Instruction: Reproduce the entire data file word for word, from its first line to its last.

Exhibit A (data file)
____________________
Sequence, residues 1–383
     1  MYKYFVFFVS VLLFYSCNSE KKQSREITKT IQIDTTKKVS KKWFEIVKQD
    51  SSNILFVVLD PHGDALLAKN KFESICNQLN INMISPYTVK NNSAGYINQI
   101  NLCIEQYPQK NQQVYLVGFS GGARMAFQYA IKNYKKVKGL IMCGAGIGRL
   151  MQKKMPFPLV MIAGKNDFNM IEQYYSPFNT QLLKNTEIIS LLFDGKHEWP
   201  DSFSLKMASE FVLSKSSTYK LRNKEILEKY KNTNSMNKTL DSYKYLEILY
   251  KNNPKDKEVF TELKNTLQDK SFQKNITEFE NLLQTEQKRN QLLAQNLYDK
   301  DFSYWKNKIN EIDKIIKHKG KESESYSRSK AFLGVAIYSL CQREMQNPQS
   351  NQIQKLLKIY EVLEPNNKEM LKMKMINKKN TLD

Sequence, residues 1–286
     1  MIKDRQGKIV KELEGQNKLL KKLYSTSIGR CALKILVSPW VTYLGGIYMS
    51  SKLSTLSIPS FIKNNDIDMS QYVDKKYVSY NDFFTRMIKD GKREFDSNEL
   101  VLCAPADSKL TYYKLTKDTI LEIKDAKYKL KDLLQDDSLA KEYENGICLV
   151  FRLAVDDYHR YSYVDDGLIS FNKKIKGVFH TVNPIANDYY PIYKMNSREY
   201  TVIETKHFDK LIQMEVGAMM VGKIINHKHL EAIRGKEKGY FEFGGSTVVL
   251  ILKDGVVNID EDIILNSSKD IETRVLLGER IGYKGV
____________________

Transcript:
Sequence, residues 1–383
     1  MYKYFVFFVS VLLFYSCNSE KKQSREITKT IQIDTTKKVS KKWFEIVKQD
    51  SSNILFVVLD PHGDALLAKN KFESICNQLN INMISPYTVK NNSAGYINQI
   101  NLCIEQYPQK NQQVYLVGFS GGARMAFQYA IKNYKKVKGL IMCGAGIGRL
   151  MQKKMPFPLV MIAGKNDFNM IEQYYSPFNT QLLKNTEIIS LLFDGKHEWP
   201  DSFSLKMASE FVLSKSSTYK LRNKEILEKY KNTNSMNKTL DSYKYLEILY
   251  KNNPKDKEVF TELKNTLQDK SFQKNITEFE NLLQTEQKRN QLLAQNLYDK
   301  DFSYWKNKIN EIDKIIKHKG KESESYSRSK AFLGVAIYSL CQREMQNPQS
   351  NQIQKLLKIY EVLEPNNKEM LKMKMINKKN TLD

Sequence, residues 1–286
     1  MIKDRQGKIV KELEGQNKLL KKLYSTSIGR CALKILVSPW VTYLGGIYMS
    51  SKLSTLSIPS FIKNNDIDMS QYVDKKYVSY NDFFTRMIKD GKREFDSNEL
   101  VLCAPADSKL TYYKLTKDTI LEIKDAKYKL KDLLQDDSLA KEYENGICLV
   151  FRLAVDDYHR YSYVDDGLIS FNKKIKGVFH TVNPIANDYY PIYKMNSREY
   201  TVIETKHFDK LIQMEVGAMM VGKIINHKHL EAIRGKEKGY FEFGGSTVVL
   251  ILKDGVVNID EDIILNSSKD IETRVLLGER IGYKGV